As far as sausages are concerned, chorizo, whether from white or Iberian pigs, is undoubtedly the most widely consumed and the most popular internationally. There are various formats and types of chorizo, although the ingredients for its preparation are practically the same. The most notable differences lie simply in the meat used, which can be of two types depending on the pig's diet, which we will tell you about below.
Different types of Iberian chorizo.
Within the range of Iberian chorizo sausages, you will basically find two types based on the type of pig used to make them: Iberian chorizo sausage and Iberico de bellota chorizo sausage.
Within these categories, you can see the word "Cular" or "Semicular", referring to the part of the pig's large intestine used to make the sausages, each with a different diameter for stuffing thicker or thinner pieces.
As they are natural casings, and there are also artificial ones for other types of Iberian sausages of lower quality, they ensure a more optimal, slower curing process that does not alter the flavour of the product as they are part of the same animal. In our online shop of Spanish hams and sausages, we only sell sausages with natural casing.
According to the format, the most commercialised Iberian chorizo is the Iberian chorizo cular and the Iberian chorizo semicular, which are the largest in diameter and straight in shape; the Iberian chorizo de herradura, smaller in diameter and shaped like a horseshoe; and the Iberian chorizo vela, narrower in format and straight in shape.
The 'chorizo cular' and 'chorizo semicular' weigh around 1 kg, although they are marketed in half-pieces. The chorizo de herradura, usually weighs around 300-350 gr. and the chorizo de vela ibérico, the smallest among them, weighs around 250 gr.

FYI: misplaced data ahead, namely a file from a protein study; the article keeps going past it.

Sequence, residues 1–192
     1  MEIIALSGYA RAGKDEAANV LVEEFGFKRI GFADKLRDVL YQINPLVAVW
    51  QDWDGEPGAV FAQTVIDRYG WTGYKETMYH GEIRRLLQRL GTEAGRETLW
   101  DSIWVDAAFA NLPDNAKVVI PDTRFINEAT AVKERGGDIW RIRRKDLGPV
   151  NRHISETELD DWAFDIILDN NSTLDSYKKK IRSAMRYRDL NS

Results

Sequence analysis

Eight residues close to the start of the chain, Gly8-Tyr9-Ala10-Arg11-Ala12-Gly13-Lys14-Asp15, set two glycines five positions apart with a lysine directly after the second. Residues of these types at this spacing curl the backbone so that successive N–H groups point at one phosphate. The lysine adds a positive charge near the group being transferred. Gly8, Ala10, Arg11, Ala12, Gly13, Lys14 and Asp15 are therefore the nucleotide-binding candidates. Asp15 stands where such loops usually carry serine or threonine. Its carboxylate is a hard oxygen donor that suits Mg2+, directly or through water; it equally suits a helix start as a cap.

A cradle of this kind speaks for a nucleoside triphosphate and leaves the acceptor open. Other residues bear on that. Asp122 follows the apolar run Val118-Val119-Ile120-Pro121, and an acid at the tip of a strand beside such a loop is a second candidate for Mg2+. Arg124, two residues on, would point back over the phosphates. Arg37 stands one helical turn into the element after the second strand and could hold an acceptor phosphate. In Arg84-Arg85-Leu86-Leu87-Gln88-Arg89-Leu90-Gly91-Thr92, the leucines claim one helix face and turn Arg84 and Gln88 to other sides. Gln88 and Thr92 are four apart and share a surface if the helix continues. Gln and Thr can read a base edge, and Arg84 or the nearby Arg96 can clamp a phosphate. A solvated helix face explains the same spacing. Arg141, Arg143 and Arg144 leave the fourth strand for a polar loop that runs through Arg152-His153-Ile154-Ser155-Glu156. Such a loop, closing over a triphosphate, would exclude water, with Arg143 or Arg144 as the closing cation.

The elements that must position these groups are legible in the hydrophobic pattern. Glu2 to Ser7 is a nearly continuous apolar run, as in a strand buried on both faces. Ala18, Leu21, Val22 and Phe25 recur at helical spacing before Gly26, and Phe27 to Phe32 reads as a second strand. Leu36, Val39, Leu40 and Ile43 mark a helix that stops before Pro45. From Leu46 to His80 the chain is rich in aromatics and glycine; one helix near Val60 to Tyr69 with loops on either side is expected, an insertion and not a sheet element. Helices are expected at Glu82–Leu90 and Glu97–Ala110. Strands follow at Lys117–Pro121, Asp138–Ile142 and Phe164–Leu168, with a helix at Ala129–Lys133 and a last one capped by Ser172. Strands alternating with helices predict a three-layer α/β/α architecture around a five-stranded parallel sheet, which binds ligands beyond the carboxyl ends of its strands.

Any of them can be Iberian only, made with 50% Iberian breed pigs and feed-fed pigs are used, and acorn-fed Iberian, which in turn can be 50% or 100% Iberian breed. In both cases they have been fed with acorns and raised in freedom, the only difference is the racial purity, as in the Iberian acorn ham, the 100% purebred, the pata negra, will have more infiltrated fat.
Ingredients and preparation of Iberian chorizo.
In theory, the formula for making a good chorizo is very simple: lean pork, pork fat, salt and paprika, which can be sweet, spicy or a mixture of both. The practice is another story and many more factors come into play, especially when it comes to preparation and drying.
The meat and fat are minced separately, seasoned and the casings are stuffed with the mixture. Once finished, they are dried for a period of 3 to 5 months, depending on the size of the pieces, in rooms with no light and at an optimum temperature and humidity. It should be noted that quality sausages mature in natural rooms, like many hams, where the temperature is regulated by manual processes by opening and closing windows.
By way of information, it is important to mention a typical test that is usually carried out once the meat has been seasoned, the 'pork test', which has even become a traditional dish: it consists of taking some of the meat prepared to make chorizo, frying it and eating it, to check whether it has the right amount of salt and paprika. The pork test is so successful that in many cases as much meat is reserved for testing as for making Iberian chorizo.
At Jamón Pasión we offer you Iberian sausages of the best quality and at the best price, mostly from 100% acorn-fed Iberian pigs, both in whole pieces, halves and locheado and vacuum-packed.